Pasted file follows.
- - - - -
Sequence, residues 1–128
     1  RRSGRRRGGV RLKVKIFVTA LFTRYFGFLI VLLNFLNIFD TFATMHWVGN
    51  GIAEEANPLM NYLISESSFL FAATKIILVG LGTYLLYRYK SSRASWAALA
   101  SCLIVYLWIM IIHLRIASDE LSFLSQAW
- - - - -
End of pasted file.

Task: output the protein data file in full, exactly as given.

Sequence, residues 1–128
     1  RRSGRRRGGV RLKVKIFVTA LFTRYFGFLI VLLNFLNIFD TFATMHWVGN
    51  GIAEEANPLM NYLISESSFL FAATKIILVG LGTYLLYRYK SSRASWAALA
   101  SCLIVYLWIM IIHLRIASDE LSFLSQAW